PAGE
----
Putting down useless words on paper was the besetting sin of the 20th century; putting them online is that of the 21st.
I believe this is the only justification for my blog.
On my way to office last week, I was stopped by a group of protestors near Neelayam theatre. I wasn’t entirely sure who they were, what they were protesting against or why I had been stopped. The leader – a tall cadaverous looking fellow, asked me quite politely to step down from my car. I declined equally politely, turned back and zoomed off, much to the disgust of his merry men.
I discovered later that the cause of this protest (in Pune, Maharashtra) was the decapitation of a statue of Mr. Babasaheb Ambedkar (in Kanpur, Uttar Pradesh). This in itself was disturbing; I do not remember the last time that repercussions of a hate crime manifested themselves so pervasively in such a short time. Vehicles were burnt in Pune, shops were looted in Chinchwad, scores of civilians were indiscriminately attacked by mobs and police alike and seven bogies of the Deccan Queen were torched. The ‘elaborate mechanism of democratic law and order’ that we learn about in our History textbooks, went kaput.
While many found it incredible that such things could happen to ‘a civilized nation in the 21st century’, that a defacing of a statue could result in such a bizarre display of raw fury, there were others who opined that it was a disaster waiting to happen.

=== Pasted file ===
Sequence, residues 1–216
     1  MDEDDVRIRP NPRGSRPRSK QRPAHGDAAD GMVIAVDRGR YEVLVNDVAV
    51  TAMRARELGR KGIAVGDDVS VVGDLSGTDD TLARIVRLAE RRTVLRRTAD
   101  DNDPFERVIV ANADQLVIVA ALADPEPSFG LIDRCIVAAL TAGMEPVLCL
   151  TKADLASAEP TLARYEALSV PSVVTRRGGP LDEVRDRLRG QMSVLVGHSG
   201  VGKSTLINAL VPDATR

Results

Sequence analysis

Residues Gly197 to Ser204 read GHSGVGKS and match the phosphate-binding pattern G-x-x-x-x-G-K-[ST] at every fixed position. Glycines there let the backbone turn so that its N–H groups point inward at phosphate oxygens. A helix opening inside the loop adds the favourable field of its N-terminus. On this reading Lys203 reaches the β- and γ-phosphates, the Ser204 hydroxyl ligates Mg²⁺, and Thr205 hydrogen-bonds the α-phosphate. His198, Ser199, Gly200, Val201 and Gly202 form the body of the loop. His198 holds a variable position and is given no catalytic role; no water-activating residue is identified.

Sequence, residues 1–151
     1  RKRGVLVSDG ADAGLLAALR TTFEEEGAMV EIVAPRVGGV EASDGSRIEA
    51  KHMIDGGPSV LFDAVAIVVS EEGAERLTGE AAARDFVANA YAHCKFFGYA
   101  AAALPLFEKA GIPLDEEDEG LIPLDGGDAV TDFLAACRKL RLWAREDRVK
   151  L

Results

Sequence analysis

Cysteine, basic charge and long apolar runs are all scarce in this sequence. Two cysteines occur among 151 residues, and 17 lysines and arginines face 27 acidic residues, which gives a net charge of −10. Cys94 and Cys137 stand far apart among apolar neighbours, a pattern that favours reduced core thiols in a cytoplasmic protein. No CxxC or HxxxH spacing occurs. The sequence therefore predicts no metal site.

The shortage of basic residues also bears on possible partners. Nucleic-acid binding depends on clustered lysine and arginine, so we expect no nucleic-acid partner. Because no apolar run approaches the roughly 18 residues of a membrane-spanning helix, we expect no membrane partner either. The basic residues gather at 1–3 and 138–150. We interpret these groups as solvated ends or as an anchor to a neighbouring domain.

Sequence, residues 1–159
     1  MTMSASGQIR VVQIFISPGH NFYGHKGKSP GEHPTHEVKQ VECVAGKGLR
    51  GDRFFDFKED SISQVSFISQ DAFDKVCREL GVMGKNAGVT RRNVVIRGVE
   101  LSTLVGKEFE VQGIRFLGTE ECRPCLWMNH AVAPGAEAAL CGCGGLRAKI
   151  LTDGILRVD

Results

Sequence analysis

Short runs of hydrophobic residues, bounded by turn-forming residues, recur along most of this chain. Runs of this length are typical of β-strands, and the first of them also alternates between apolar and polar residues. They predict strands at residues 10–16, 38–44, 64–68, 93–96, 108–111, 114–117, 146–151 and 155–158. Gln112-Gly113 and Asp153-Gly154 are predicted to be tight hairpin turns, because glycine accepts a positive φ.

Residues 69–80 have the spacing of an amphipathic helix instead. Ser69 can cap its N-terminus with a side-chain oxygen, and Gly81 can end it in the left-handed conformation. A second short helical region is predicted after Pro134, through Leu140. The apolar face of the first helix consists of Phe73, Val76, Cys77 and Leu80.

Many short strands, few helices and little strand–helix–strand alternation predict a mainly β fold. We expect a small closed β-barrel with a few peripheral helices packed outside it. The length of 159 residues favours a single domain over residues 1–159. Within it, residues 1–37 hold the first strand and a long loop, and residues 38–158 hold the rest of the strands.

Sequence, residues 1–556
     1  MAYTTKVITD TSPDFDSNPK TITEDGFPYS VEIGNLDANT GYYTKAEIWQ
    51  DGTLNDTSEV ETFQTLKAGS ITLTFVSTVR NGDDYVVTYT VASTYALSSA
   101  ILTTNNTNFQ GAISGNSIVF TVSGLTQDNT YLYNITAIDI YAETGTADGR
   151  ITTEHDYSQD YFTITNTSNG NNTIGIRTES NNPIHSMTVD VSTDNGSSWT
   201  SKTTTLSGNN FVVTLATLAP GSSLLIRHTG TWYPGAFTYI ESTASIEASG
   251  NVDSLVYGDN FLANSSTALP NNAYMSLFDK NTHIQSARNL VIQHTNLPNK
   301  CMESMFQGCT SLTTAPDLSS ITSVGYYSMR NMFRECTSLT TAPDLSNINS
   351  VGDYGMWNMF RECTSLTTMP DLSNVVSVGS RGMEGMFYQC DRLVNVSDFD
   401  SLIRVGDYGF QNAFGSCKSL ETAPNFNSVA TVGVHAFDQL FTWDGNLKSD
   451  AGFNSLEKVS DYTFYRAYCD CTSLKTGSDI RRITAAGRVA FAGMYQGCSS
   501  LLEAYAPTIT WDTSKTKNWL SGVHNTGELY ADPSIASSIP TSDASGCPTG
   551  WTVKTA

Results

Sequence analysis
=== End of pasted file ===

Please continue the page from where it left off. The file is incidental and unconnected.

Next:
Any competent analyst will tell you that major failures are the result of cumulative errors. So what were the factors that led to this rampant anarchy across three states?
1. The inadequacy of the existing system for ensuring law and order irrespective of caste
(the Bhandara incident where a family of four Dalits, including two women, was killed)
2. The growing gulf between the oblivious few and the unfortunate many
3. The internal strife between Dalit political leaders
4. Sheer apathy on the part of the so-called upper caste sections of Hindu society
(to be continued…)